By Robert Hackett and Adam Lashinsky
August 19, 2015

Paul Maritz, the ex-Microsoft executive who ran closely held Pivotal Software, stepped down as CEO Tuesday. On its own, the news isn’t earth shattering. Maritz will stick around as executive chairman. His successor is a Pivotal co-founder.

Potentially more interesting is what might happen next at the triad of companies known as the EMC “federation.” The three—EMC, VMware, and Pivotal—form three separate but interlocked entities. EMC owns nearly 80% of publicly traded VMware, which it bought in 2004. The two together own Pivotal, which makes various software programs used by coders to develop yet more software. (I wrote about Maritz and Pivotal last year as the newly formed company ramped up.)

EMC’s decision to control VMware but at arm’s length was brilliant. It allowed the faster-growing acquired company to trade at a much higher relative valuation than its parent. Now both companies are slowing, and at least one prominent Wall Street analyst believes EMC will bring all the companies into the fold. “A stand-alone EMC, a stand-alone VMware, and a stand-alone Pivotal would, in our opinion find it difficult to compete,” writes Maynard Um of Wells Fargo Securities. Whereas VMware thrived by selling to EMC competitors like HP and Cisco, those companies increasingly are competing with both companies now, removing one of the benefits of separation.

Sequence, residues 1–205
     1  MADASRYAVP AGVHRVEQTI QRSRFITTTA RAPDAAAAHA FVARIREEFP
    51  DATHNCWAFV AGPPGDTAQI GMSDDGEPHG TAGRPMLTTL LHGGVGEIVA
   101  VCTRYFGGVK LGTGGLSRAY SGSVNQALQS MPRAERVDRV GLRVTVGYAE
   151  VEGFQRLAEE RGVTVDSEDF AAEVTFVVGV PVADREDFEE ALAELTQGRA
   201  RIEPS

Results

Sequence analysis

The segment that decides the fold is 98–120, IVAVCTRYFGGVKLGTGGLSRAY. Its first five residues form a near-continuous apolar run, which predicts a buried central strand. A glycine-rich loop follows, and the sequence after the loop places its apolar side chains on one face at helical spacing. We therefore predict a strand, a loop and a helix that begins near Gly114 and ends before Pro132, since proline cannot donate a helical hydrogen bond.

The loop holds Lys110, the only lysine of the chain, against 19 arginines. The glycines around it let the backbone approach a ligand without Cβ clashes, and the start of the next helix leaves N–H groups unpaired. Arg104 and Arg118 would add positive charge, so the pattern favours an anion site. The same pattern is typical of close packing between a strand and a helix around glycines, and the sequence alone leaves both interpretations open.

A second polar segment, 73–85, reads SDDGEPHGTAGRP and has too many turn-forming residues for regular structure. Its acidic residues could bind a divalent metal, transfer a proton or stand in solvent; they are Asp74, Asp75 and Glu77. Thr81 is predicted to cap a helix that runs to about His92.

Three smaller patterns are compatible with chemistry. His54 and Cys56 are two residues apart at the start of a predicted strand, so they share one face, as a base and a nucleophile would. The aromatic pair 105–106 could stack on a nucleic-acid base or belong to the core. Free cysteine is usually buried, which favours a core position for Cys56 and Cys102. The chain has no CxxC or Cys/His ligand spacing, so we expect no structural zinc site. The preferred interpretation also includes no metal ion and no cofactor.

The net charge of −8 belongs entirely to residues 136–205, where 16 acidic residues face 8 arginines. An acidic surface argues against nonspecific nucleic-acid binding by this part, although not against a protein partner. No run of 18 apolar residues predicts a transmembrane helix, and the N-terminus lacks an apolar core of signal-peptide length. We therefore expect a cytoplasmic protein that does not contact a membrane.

An irony of any move by EMC to unify its federation is that other companies seem prepared to follow EMC’s earlier moves. Egon Durban, the private-equity investor at Silver Lake Partners, which controls Dell, recently said the computer maker might “securitize” some Dell units that could command above-market multiples. This would allow Silver Lake to earn a return on its investment without Dell itself trading publicly. The rationale for such a potential move, said Durban: to emulate EMC.

Adam Lashinsky



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